Sunday, July 05, 2009

Grudem and ESV onlyism

On Feb. 20, 2006, Ben Witherington blogged about his concerns regarding the ESV. He said, that a member of the TNIV translation committee had told him,
    "The ESV we owe chiefly to one particular scholar who has spent much of his career opposing the idea of women being involved in minstry. I am told that this scholar did everything he could possibly do to scuttle the TNIV, in the main because he abhorred the idea of the use of inclusive language in the translation even where it was fully warranted and did better justice to who was being spoken of in particular cases. A good example would be when the Greek term 'anthropoi' ('human beings')is used to refer to a mixed group containing both women and men. To translate the term 'men' in such a case is in fact to misrepresent the meaning of the word in such a case since there were also women present who were not mere ciphers or appendages of the men who were there.
Witherington concluded his post, by saying,
    Why am I mentioning this now? Because I have been told that the Southern Baptist Convention is considering endorsing the ESV as the one true Baptists ought to use. I hope this will not happen, but it is a twilight zone kind of possibility.
While Witherington withdrew his post, I am reproducing these statements, first because I know them to be true, since I was involved in a translation seminar at Regent College in the fall 1997, where I was told exactly this same information, and because much of Witherington's post is cited in this post on the Bayly blog. (I saved Witherington's post at the time, so I could refer to it without error.)

After Witherington had posted this, Wayne Grudem responded on Justin Taylor's blog,
    Dear Ben,
    Regarding your blog about the ESV Bible on Feb. 20th, 2006, I suspect I am the “one particular scholar” to whom you refer in your second paragraph. ...
    But contrary to what you reported from your friend on the TNIV committee (which I think was his speculation), the ESV grew out of the appreciation of many scholars for the merits of the old RSV and a desire to see it updated, and not out of opposition to the TNIV Bible. The reason for my own involvement with the ESV was a long-standing desire to see an updated RSV, and had little or nothing to do with the TNIV controversy.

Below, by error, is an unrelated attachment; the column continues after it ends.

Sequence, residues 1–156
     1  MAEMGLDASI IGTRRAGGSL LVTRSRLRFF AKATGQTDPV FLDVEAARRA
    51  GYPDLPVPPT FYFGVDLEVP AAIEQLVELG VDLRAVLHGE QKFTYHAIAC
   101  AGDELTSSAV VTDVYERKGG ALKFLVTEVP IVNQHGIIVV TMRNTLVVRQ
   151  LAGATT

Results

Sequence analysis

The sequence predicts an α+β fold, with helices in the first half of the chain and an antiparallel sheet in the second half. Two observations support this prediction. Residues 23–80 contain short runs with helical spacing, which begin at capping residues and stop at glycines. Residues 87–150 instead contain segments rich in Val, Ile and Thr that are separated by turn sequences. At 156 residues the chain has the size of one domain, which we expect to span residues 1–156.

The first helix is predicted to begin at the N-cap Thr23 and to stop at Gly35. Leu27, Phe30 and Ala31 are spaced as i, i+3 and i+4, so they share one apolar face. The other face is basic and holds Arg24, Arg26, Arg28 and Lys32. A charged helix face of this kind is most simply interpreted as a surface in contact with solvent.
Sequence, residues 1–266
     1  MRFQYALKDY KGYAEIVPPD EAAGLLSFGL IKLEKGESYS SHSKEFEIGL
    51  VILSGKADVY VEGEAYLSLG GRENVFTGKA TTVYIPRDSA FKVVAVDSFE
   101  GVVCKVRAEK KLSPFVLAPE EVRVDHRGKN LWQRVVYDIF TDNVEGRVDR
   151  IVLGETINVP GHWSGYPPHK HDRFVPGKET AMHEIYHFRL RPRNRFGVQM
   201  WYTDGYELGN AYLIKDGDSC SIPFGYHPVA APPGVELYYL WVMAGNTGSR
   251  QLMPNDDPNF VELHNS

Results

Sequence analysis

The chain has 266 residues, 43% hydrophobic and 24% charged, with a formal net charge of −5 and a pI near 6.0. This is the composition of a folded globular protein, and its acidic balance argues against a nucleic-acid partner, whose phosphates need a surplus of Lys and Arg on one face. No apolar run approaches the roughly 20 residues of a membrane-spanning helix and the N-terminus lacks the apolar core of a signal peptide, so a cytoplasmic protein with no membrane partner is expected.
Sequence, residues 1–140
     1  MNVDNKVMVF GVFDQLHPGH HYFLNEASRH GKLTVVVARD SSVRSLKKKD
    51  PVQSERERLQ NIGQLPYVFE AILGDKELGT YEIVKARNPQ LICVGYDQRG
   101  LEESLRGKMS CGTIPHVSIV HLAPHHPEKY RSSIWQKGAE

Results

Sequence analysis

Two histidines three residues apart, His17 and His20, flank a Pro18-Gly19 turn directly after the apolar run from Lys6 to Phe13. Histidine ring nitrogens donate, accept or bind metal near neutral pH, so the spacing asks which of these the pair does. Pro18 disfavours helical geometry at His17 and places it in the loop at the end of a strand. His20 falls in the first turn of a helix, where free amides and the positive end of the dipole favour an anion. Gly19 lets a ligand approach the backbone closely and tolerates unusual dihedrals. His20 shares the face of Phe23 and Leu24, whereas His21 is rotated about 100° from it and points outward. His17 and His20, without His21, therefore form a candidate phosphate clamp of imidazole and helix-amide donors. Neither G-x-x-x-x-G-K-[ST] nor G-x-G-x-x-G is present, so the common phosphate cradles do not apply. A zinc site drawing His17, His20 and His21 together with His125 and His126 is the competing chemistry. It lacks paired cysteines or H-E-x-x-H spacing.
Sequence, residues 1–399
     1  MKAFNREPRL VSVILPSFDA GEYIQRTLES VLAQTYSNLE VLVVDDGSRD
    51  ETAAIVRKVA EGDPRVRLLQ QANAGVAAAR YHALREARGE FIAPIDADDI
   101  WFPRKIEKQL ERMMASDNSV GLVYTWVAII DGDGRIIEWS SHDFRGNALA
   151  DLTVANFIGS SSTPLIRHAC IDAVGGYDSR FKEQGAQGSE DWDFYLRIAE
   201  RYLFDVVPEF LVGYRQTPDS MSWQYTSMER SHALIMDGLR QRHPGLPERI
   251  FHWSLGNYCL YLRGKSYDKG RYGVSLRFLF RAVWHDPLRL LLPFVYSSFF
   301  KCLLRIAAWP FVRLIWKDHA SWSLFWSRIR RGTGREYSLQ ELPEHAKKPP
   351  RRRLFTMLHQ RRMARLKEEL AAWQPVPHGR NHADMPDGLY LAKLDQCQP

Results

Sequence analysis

Tim Bayly then responded with a post of his own, citing from an article he had written in 1999,
    The second translation hoping to pick up some of the Bible share lost by the NIV is the English Standard Version (ESV), announced in February by Crossway Books. The version had its roots in discussions that took place before the May 1997 meeting called by James Dobson at Focus on the Family headquarters to resolve the inclusive NIV issue.

    The night prior to the meeting, critics of regendered language gathered in a Colorado Springs hotel room to discuss the next day's strategy. During the course of the evening it became clear their concerns with the NIV extended beyond gender issues. The group discussed the merits of the Revised Standard Version, first published in 1952 by the National Council of Churches and recently replaced by the New Revised Standard Version, a regendered update.

In 2002, 100 scholars signed a statement against the TNIV. Among those who signed were several men on the translation committee of the ESV.

It is a puzzle to many people why Wayne Grudem continues, through publishing books and talking on the radio, to criticize the TNIV, and at the same time denies that this has anything to do with the inception and promotion of the ESV as a more transparent and accurate Bible. Well, Dr. Packer has exactly the same position. He has published a paper on stopping the ordination of women, he signed the protest against the TNIV, and he is the editor of the ESV. It is hard to deny that this is something of a package.


Mike Aubrey said...

Sue, why do you even both reading the likes of the Bayly blog?


Suzanne McCarthy said...


The Bayly's were very influential in the drafting of the Colorado Springs Guidelines. They like to record what happened at the time.

Some people like facts.

Mike Aubrey said...

So they helped draft it.

Why am I not surprised?

J. L. Watts said...

All this because they have some fanciful notion that women must not be allowed in ministry? What do we do with the many women in the New Testament who did minister? And beyond, into Church History?

I guess this also answers a few questions on why you are no longer on BBB.

Tim Bayly said...

Dear Suzanne,

You've got the history right. Wayne Grudem has it wrong.

The ESV is the fruit of that hotel room meeting and e-mails exchanged between those of us there (and others) in the weeks prior to that meeting, including Grudem, Piper, Sproul, Poythress, etc. As a result of that meeting, I met with Lane Dennis and proposed that he undertake the work of a new Bible translation that would be based on the RSV--which he did, working with Grudem to get the rights to the RSV so the work could begin.

The ESV had its origin in the TNIV controversy and every statement to the contrary is not true.

The documentation is inarguable.